Taking the path to IT security best practice

Taking the path to IT security best practice Barbara Greenway, managing director of Parity Training, makes the case for getting to grips with both technical and ‘soft’ skills.

Keeping IT secure
Recent high-profile viruses like Sobig-C and BugBear have made improving security a priority for all users throughout an organisation, not just the IT team.

Investing in sophisticated anti-virus software, firewalls and network monitoring tools, is one way of improving security, but it’s also vital to have the right skills in place to maximise their impact.

There is high demand for security skills in certain sectors. Public sector organisations, financial institutions and retail companies in particular need a high level of know-how to ensure that all data is secure.

For many companies, protecting sensitive customer details is essential, as without a level of trust between customer and supplier, they risk losing their credibility, which will ultimately impact the bottom line.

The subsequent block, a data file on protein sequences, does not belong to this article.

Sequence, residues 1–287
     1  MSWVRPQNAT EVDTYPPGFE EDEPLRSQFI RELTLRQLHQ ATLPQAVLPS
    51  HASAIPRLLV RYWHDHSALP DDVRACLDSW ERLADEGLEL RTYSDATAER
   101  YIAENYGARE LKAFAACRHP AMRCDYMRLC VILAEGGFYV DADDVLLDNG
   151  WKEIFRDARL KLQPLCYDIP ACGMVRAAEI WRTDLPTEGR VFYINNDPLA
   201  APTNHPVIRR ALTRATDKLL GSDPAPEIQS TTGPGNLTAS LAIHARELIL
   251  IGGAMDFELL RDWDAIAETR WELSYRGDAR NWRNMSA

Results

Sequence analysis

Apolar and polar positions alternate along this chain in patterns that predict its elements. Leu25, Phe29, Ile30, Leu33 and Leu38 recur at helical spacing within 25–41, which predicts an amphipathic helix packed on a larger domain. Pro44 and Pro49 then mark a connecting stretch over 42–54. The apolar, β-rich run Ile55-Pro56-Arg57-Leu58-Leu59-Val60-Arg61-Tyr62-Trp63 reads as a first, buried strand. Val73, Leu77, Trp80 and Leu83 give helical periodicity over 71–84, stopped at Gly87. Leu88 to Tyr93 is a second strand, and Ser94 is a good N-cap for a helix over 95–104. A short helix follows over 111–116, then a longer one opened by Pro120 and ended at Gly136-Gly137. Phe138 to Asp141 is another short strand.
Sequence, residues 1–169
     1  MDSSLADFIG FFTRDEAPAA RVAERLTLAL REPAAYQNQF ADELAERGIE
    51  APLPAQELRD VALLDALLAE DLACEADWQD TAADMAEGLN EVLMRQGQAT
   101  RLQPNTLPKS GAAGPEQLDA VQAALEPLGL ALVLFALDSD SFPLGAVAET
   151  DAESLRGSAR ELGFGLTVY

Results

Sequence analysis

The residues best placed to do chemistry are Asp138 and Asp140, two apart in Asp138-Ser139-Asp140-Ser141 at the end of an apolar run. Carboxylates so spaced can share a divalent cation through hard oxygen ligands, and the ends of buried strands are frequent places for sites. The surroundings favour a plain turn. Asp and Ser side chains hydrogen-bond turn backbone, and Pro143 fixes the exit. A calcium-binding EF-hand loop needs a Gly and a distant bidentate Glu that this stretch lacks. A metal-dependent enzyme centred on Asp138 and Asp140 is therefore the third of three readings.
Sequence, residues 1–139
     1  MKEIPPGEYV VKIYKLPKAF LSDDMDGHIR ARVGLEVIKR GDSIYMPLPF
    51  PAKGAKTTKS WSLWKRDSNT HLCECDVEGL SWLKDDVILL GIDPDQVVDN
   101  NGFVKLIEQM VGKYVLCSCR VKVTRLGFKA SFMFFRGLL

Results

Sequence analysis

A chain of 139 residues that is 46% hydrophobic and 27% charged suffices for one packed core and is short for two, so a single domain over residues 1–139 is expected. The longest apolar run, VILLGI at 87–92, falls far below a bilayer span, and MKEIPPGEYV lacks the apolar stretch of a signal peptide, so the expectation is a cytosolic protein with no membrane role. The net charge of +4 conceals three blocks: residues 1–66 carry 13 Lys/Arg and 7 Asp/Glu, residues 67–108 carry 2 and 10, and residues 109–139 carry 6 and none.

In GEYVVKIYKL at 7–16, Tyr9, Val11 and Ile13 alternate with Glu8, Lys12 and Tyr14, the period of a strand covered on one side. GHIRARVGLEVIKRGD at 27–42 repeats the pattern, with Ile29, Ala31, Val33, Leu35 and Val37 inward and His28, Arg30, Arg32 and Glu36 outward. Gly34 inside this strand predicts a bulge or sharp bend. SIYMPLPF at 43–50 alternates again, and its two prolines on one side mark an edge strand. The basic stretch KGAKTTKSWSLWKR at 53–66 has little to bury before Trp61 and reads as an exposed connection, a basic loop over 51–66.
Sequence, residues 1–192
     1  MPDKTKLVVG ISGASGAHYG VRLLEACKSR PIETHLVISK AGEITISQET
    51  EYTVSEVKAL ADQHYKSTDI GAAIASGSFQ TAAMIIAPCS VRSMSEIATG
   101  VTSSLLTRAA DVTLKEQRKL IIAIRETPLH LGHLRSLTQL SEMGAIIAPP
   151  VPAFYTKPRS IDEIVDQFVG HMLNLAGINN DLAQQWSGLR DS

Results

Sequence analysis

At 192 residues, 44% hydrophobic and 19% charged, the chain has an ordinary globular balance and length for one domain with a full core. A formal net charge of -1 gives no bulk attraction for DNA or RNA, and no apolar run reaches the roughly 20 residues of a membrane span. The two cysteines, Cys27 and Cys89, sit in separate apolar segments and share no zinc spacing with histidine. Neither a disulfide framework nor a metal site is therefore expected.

Getting qualified
The best way to gain competency in managing security is to have a recognised industry qualification.

There are a number of technical standards around, but the most prominent certification in the UK is the Standard for Information Security Management.

This covers all basic IT security practices and gives a grounding in the most important competencies, with the chance to specialise in certain areas.

These competencies, coupled with regular skills updates and the administration of IT security on a daily basis, should be invaluable to making inroads to security best practice.

IT security is not just about technical know-how
Comprehensive security-specific training is also about understanding issues.

For instance, human error - which is responsible for many security breaches - is more puzzling to any IT specialist than hi-tech software.

It's important therefore to attend a training course that covers the non-technical side of security best practice to make the step from purely technical to understanding the cultural processes and implications of security management.

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